Hope is one

I feel connected with him because we share initials, and we’re both obsessed with time. I want to talk about small scene he had in the last (or maybe 2nd to last) Avengers movie.

In one scene, he’s sitting cross-legged, levitating, and clearly calculating something with his time gifts. After a while, someone asked him what he was doing, and he says that he was assessing possible outcomes of future events. He looked at over 14,000,000 different scenarios, and only one had a positive outcome.

There was literally only one possible outcome where the universe existed as it was before, and we fans had hope.

Using the Avengers as our background, we only need one potential positive outcome to be hopeful. Or at very least, buy a movie ticket.

The question becomes what is bothering you right now? Can you imagine a scenario where it’s gone? That’s what hope is. It’s the ability to imagine a single potential positive future outcome. And the truth is, there are infinite.

I am an addict [And so are you]

Preliminary reading: Expecting Unhappiness

While I was doing my Venn Diagrams for my article about expectations, I did a set on addiction. At some point, I realized that I’ve always been an addict. 

Addict (noun) – someone that looks forward to something with expectation. That would make the opposite of addiction being fully present. Habit becomes addiction when hope becomes expectation.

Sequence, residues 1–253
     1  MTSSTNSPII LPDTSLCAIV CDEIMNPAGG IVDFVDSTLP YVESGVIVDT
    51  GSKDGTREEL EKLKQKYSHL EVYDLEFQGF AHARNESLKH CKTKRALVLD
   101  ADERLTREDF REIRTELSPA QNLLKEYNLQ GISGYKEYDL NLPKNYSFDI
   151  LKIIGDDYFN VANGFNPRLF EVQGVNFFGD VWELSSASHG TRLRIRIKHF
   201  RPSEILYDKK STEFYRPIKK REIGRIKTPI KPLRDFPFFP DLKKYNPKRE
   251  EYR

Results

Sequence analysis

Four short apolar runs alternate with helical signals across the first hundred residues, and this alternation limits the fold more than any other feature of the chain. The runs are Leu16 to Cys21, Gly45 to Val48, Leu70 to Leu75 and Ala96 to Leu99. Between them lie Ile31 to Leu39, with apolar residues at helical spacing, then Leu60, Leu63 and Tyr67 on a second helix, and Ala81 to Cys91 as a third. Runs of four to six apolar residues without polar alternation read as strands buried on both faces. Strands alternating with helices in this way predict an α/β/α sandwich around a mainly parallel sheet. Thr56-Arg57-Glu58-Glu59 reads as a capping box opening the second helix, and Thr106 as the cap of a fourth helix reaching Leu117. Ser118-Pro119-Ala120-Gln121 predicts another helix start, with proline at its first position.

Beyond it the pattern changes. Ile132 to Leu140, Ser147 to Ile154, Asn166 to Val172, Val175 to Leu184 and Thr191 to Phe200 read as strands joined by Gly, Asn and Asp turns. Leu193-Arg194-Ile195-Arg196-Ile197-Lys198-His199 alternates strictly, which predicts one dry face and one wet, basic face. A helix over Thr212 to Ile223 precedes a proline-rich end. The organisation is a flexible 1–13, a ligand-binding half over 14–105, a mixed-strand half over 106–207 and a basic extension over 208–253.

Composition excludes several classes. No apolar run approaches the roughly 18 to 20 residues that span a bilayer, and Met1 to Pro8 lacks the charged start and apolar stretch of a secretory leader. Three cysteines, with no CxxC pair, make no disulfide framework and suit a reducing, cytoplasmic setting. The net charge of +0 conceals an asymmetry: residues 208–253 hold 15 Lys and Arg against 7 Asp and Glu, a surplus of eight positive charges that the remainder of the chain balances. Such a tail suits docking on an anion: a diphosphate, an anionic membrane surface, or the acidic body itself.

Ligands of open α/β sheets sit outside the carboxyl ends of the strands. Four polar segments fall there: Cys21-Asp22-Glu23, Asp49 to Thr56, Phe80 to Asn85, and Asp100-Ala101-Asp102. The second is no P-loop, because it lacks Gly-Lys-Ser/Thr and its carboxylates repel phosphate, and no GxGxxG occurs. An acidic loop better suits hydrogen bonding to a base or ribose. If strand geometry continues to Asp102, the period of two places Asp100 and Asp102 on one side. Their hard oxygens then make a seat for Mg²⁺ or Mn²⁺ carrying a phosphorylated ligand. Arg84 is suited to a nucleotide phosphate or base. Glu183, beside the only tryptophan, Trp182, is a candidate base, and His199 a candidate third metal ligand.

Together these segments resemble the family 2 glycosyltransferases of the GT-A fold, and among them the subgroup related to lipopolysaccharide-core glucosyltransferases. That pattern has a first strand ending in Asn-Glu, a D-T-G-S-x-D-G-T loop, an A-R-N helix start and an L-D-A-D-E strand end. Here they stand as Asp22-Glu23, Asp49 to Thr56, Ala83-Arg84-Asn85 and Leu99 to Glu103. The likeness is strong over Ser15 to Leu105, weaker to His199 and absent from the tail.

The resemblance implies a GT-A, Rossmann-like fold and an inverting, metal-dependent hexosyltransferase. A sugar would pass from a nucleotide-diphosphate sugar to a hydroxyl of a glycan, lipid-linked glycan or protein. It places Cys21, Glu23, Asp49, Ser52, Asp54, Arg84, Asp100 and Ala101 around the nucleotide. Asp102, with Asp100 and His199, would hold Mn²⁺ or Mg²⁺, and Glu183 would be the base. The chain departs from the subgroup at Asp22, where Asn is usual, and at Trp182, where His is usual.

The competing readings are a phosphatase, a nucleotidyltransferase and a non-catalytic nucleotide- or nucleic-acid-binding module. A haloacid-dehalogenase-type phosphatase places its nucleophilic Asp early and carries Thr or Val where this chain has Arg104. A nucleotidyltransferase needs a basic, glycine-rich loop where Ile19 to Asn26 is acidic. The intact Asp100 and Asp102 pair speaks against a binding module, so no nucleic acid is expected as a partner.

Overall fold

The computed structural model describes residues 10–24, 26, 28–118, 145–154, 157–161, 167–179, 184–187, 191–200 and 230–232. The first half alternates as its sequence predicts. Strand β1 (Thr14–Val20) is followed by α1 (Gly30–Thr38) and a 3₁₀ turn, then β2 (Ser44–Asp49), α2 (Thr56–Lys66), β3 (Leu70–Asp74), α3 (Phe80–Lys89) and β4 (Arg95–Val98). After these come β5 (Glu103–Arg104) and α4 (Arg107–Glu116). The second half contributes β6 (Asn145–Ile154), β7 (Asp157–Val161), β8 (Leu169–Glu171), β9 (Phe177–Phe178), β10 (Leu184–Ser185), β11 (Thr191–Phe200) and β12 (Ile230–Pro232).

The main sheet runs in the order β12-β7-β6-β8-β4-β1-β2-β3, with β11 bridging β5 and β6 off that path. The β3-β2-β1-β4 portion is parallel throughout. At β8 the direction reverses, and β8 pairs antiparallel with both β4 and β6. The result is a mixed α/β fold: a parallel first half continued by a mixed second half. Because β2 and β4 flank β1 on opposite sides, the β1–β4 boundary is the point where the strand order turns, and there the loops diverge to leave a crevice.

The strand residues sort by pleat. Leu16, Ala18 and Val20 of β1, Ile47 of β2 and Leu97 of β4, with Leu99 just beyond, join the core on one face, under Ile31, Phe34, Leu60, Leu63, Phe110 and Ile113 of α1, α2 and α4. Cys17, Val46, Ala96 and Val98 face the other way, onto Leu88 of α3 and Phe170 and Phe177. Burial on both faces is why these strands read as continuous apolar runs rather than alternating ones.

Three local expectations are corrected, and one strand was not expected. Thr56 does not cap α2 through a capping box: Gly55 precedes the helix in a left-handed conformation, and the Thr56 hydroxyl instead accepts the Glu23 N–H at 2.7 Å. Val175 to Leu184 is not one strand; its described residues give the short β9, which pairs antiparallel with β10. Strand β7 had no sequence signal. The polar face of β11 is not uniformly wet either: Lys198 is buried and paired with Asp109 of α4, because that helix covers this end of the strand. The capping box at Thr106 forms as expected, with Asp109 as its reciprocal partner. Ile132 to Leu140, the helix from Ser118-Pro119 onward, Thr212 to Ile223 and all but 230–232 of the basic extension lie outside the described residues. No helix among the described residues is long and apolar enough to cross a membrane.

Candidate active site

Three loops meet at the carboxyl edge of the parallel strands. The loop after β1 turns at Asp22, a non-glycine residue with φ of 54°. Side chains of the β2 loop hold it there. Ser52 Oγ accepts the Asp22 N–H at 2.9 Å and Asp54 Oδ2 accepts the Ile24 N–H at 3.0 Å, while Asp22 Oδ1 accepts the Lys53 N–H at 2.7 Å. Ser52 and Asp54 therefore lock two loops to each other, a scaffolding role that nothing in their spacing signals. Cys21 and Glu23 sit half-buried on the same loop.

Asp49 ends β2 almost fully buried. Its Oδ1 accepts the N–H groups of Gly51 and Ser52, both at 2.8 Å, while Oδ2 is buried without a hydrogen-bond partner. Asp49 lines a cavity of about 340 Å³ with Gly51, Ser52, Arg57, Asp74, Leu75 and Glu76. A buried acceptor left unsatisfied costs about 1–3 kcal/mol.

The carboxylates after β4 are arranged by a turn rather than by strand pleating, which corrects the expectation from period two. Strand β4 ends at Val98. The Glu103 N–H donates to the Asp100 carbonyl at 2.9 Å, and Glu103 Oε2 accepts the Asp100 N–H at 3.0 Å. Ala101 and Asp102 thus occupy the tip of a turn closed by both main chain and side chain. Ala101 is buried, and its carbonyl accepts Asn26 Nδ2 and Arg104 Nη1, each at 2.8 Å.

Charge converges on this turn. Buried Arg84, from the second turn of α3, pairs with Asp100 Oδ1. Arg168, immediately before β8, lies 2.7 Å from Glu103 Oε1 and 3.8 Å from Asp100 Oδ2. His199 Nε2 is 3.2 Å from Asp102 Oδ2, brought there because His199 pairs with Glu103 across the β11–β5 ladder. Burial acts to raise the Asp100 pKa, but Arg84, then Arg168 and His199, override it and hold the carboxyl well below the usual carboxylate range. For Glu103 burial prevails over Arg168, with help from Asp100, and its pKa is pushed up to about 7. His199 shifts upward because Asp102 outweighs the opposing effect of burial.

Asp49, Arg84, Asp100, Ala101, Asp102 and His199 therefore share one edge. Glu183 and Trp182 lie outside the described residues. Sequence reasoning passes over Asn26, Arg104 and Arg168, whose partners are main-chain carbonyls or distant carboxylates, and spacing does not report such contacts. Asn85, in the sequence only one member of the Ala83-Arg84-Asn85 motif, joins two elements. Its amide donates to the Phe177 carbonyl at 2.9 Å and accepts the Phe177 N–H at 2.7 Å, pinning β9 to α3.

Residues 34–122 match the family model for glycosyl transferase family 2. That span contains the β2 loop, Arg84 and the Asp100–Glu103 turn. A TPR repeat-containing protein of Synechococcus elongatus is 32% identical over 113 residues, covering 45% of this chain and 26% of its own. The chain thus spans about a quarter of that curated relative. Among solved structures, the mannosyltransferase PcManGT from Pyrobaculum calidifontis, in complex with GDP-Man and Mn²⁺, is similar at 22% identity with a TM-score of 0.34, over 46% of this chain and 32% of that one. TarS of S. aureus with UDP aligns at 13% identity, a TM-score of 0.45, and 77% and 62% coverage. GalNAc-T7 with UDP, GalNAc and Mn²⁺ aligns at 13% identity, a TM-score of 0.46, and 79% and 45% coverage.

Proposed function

I’ve been addicted to

  • fitness
  • caffeine
  • learning
  • sex
  • porn
  • food
  • social media
  • writing
  • gambling
  • fear
  • work
  • money

The tricky part is that most of these things by themselves are not inherently bad. They become bad when I start thinking about them instead of the present moment. Eating a hamburger isn’t bad, but if I’m thinking about eating hamburgers all day, I have issues.

Working out isn’t a bad thing, but thinking that my reality or happiness depends on my workouts is.

Caffeine is not a bad thing, but thinking that I need it to be myself is.

IMG_6166
If you decide you need something to be happy, you’re right.

Once you start trying incorporate things that can never be a part of you into your character, you begin to need them. To expect them. And when your reality doesn’t include them, you think about the next time that you could have a reality that could. You make plans to achieve that as soon as possible. This mindset is what an addict is. It’s not a chemical need for a drug, it’s the refusal to accept the present moment as being enough. Or refusal to accept yourself in that present moment in your current state. And when the present moment is not enough, you decide what you think would make it enough.